THE LATEST DEVELOPMENT of resistance to at least one rootworm Bt trait in the U.S. Corn Belt has been fast and widespread. This indicates that the general population of beetles possess the genetics needed to overcome the technology under continuous exposure. Ontario is more on the fringe region of this resistance, along with the other Great Lakes states and provinces. This gives us an opportunity to still mitigate the issue if found before it becomes widespread.
PHOTO: GOOSENECKING FROM ROOT CLIPPING.
PHOTO: SILK CLIPPING.
PHOTO: WESTERN CORN ROOTWORM ADULT.
High risk fields need to be scouted in late July to mid-August to spot any suspicious beetle and feeding activity. It is important that we can get to these fields while adults are still present to conduct the tests necessary to confirm resistance. Finding out in the fall or winter is too late. We will also help the growers implement a strategy to mitigate the risk of spreading the next year.
High risk fields include those with:
• Continuous corn rotation
• Clay soils and high rootworm populations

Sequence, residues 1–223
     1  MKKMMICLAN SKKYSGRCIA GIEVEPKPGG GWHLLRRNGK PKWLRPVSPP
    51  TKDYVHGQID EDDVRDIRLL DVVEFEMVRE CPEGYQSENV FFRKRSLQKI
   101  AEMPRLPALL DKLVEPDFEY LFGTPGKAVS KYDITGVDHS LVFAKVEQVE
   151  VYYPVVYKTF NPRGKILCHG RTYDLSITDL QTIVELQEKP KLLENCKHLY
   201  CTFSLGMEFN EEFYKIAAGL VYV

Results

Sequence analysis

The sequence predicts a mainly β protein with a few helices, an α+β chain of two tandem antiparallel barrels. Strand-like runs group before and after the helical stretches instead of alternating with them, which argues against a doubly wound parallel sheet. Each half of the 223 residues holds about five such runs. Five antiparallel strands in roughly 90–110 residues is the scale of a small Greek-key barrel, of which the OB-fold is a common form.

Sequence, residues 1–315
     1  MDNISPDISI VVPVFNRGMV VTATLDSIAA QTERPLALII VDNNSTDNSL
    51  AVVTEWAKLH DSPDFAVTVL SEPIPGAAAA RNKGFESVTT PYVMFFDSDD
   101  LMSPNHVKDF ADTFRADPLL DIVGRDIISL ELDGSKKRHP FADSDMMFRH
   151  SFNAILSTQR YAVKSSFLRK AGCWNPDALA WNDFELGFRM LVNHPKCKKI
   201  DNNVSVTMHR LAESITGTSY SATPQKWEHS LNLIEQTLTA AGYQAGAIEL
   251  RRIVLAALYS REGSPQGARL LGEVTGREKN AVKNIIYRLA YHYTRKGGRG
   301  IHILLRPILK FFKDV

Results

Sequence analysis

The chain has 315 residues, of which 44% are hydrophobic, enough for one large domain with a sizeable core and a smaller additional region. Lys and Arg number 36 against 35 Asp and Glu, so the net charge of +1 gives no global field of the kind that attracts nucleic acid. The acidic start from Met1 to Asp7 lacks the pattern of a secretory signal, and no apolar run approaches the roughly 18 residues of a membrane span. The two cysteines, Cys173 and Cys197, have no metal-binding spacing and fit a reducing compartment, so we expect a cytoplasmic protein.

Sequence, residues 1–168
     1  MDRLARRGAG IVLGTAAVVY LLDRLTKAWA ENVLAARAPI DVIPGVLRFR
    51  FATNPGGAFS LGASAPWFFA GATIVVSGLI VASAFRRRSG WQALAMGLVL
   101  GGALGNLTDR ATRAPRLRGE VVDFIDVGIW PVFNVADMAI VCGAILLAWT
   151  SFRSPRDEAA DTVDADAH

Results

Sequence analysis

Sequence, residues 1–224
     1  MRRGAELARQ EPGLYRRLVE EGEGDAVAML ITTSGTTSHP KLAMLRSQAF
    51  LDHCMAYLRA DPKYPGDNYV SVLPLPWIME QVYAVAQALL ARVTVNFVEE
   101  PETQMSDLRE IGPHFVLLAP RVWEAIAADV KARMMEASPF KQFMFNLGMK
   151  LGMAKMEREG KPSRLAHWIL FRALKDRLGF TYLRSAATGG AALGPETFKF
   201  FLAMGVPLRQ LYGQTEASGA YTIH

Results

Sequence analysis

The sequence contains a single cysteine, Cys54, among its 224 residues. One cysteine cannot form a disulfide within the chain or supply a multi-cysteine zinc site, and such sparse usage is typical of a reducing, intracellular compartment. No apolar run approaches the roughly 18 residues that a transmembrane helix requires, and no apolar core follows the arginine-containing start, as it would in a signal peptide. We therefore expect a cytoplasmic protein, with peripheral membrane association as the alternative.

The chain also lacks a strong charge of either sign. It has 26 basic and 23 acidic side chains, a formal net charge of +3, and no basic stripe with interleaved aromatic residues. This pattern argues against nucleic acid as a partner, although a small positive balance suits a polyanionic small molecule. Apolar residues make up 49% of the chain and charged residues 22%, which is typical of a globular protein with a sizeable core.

• Repeated use of same rootworm Bt trait
Signs of goose-necking, root clipping, silk clipping, leaf feeding, and/or significant adult presence in a rootworm Bt hybrid could indicate a potential resistance issue. Contact your company agronomist and key members of the Canadian Corn Pest Coalition (CCPC) including:
• Jocelyn Smith: 519-674-1500 x63551, email@example.com
• Tracey Baute: 519-674-1696, firstname.lastname@example.org
• Andrea Hitchon: 519-674-1500 x63128, email@example.com
Our goal is to preserve the usefulness of Cry3Bb1 and other rootworm Bt traits for as long as possible. To do this effectively, everyone needs to be monitoring for, and alerting us to any cases of suspected resistance as quickly as possible. •